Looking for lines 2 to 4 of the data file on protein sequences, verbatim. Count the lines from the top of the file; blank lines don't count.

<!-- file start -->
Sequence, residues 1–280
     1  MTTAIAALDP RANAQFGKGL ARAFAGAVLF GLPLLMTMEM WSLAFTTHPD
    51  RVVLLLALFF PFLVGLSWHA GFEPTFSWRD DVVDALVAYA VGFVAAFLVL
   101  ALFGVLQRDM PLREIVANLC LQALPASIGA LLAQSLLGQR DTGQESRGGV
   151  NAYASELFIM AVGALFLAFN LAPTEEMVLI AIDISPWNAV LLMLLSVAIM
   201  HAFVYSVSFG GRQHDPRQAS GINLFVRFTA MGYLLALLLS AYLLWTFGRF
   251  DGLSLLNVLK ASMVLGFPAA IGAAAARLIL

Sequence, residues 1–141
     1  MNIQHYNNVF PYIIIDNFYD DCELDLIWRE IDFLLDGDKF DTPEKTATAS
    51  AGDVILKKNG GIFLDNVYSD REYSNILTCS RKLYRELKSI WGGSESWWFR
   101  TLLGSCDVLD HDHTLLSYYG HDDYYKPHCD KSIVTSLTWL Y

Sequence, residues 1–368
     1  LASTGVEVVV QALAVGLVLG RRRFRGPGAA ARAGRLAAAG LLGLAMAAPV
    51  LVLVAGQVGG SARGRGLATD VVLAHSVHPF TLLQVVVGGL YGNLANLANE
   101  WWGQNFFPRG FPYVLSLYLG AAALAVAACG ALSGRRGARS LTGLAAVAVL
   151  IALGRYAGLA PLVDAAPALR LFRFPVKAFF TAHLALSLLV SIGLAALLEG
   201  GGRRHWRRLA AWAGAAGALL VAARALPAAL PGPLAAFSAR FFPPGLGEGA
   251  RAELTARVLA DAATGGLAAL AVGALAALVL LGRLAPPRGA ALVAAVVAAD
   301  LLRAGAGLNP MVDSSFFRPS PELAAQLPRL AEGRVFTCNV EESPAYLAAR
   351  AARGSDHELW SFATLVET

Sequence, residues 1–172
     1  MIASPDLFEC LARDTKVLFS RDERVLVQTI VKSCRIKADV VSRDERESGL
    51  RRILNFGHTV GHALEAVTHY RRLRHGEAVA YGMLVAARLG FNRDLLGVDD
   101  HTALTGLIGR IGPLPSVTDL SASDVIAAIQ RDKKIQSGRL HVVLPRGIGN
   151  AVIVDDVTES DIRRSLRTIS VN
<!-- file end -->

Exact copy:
     1  MTTAIAALDP RANAQFGKGL ARAFAGAVLF GLPLLMTMEM WSLAFTTHPD
    51  RVVLLLALFF PFLVGLSWHA GFEPTFSWRD DVVDALVAYA VGFVAAFLVL
   101  ALFGVLQRDM PLREIVANLC LQALPASIGA LLAQSLLGQR DTGQESRGGV